Trump’s Lead Over GOP Rivals Widens as Republicans Are Caught in Electability Conundrum: Poll
‘Trump’s voters would crawl over broken glass for him and I don’t think any of the other Republican candidates could do that,’ one analyst tells the Sun.
President Trump’s lead in the 2024 Republican presidential primary is widening, according to a new survey from Fox News in which nearly half of respondents say they’re looking forward to a rematch between President Biden and Mr. Trump.
While Mr. Trump has been the clear leader since the onset of the primary race, his lead has never been bigger, according to the national survey of likely Republican primary voters from Fox News, Beacon Research, and Shaw and Company Research.
The survey found that in the Republican primary, Mr. Trump enjoys a 47-point lead over the second-place candidate, Governor DeSantis. In terms of support, Mr. Trump is at 60 percent, Mr. DeSantis is at 13 percent, and businessman Vivek Ramaswamy is at 11 percent.
Compared to the August survey by the same pollsters, Mr. Trump’s support has increased by 7 points while Mr. DeSantis’s has decreased by 3. Mr. Ramswamy’s support remained the same and no other candidate garnered more than 5 percent support.
“Unless something changes, this is Trump’s race to lose,” pollster Daron Shaw told Fox News. “The question is, how likely is it that something changes enough to shake Trump’s Republican supporters loose and get them to look at someone else?”
This makes Mr. Trump’s lead comparable to Mr. Biden’s in the Democratic polls, with the president ahead of anti-vaxxer Robert Kennedy Jr. by 54 points, 71 percent to 17 percent. Motivational speaker Marianne Williamson, the only other candidate, is at 6 percent.
An associate editor at Sabato’s Crystal Ball, Miles Coleman, tells the Sun that he would “love to see it” if there’s a path to someone beside Mr. Trump being the nominee.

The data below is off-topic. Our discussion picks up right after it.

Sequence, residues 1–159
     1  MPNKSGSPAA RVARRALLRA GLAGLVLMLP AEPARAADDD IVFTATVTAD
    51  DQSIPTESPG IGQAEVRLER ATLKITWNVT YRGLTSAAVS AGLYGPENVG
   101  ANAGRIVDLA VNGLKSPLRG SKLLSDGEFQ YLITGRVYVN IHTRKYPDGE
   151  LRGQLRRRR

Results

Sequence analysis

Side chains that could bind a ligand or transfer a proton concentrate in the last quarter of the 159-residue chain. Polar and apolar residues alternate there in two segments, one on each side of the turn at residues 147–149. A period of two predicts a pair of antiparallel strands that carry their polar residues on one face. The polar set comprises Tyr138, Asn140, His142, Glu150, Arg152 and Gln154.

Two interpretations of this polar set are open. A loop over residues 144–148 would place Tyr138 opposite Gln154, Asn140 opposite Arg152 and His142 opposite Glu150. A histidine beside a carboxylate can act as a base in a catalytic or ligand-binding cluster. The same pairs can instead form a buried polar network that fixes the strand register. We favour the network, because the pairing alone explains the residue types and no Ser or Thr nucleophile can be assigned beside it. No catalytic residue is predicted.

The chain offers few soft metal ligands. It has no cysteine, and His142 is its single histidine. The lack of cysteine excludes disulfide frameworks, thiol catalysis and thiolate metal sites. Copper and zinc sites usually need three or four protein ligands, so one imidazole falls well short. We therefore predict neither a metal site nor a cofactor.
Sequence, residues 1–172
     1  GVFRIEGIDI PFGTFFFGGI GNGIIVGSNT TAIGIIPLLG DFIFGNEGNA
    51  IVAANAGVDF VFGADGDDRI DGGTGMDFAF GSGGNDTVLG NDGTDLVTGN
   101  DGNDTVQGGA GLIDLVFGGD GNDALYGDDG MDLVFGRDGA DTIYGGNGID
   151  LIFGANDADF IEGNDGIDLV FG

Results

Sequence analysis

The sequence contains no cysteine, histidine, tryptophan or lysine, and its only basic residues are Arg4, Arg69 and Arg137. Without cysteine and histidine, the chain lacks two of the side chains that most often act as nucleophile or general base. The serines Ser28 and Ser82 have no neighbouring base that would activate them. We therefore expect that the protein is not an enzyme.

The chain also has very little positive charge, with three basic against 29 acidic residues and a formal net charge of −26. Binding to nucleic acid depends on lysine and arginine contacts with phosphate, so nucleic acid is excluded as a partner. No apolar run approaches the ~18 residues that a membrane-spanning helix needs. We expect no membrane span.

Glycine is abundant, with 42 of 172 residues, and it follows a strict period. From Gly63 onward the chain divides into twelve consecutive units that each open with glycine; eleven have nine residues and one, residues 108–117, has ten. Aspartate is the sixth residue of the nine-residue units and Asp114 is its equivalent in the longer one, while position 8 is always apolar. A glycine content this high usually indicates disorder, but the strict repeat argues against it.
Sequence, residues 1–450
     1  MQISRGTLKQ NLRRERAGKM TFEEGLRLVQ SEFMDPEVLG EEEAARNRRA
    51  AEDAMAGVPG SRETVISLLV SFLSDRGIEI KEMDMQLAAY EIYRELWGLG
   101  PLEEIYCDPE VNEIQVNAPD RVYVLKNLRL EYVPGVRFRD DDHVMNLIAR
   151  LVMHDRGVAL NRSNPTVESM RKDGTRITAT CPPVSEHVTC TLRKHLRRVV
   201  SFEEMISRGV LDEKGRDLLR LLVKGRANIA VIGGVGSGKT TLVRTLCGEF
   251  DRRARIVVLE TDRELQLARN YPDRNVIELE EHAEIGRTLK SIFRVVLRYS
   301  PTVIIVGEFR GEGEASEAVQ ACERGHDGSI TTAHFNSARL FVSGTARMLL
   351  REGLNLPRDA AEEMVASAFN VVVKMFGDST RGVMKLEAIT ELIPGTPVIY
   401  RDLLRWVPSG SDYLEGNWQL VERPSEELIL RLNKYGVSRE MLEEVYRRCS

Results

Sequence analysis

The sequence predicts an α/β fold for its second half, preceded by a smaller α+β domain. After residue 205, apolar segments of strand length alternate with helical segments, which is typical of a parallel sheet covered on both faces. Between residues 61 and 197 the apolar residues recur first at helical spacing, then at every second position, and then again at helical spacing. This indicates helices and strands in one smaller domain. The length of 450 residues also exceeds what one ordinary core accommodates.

“DeSantis has been campaigning for almost four months at this point and it’s almost like the more voters see him the less they like him,” Mr. Coleman says.
While a rematch between Messrs. Biden and Trump has been framed as a matchup between two of the most unpopular modern presidents, nearly half of respondents say they “look forward” to it.
With the survey found that 47 percent claim to be looking forward to the election, 50 percent say they are dreading it. For reference, ahead of the 2016 election, 44 percent said they were looking forward to it while 47 percent said they were dreading it.
Voters did, though, say they would prefer other candidates, with 63 percent saying they would look forward to it if Messrs. Trump and Biden were not the expected candidates in the general election.
As it looks increasingly certain that barring some unforeseen event, Mr. Trump will become the 2024 nominee for the Republican Party, concerns around the former president’s electability are becoming more prevalent.
For Republicans, nominating Mr. Trump looks like a Catch-22. That’s because nominating Mr. Trump will likely turn out the GOP base in spades, but it will also likely come at the cost of some persuadable voters.
“Trump’s voters would crawl over broken glass for him and I don’t think any of the other Republican candidates could do that,” Mr. Coleman says.
While other candidates, such as Senator Scott and Governor Burgum, have appeared on the same ballot as Mr. Trump and received more votes than him in their individual races, it’s not clear that that would translate to a national election.
Another piece of evidence that Republicans may suffer without Mr. Trump on the ballot is their poor performance in 2018 and 2022, by-elections that were dominated by Trump’s megaphone. At the same time, if the GOP refuses to move on from Mr. Trump, it could cost votes among independents, a historically GOP-friendly group of voters.
“What really caught my attention in 2022 was that the Democrats won the national independent vote. The fact that Democrats won the independent vote really says something about how unpopular Trumpism is to the independent vote,” Mr. Coleman says.
The poll of 1,012 registered voters was conducted between September 9 and 12 and has a margin of error of plus or minus 3 points.